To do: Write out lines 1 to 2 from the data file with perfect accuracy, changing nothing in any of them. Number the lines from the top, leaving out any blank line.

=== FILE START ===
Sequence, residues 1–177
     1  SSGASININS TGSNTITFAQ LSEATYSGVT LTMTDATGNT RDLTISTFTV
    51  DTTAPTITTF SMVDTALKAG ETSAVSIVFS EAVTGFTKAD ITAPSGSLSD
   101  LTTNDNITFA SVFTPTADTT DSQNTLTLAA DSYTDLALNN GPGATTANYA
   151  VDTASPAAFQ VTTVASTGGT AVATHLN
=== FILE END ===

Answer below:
Sequence, residues 1–177
     1  SSGASININS TGSNTITFAQ LSEATYSGVT LTMTDATGNT RDLTISTFTV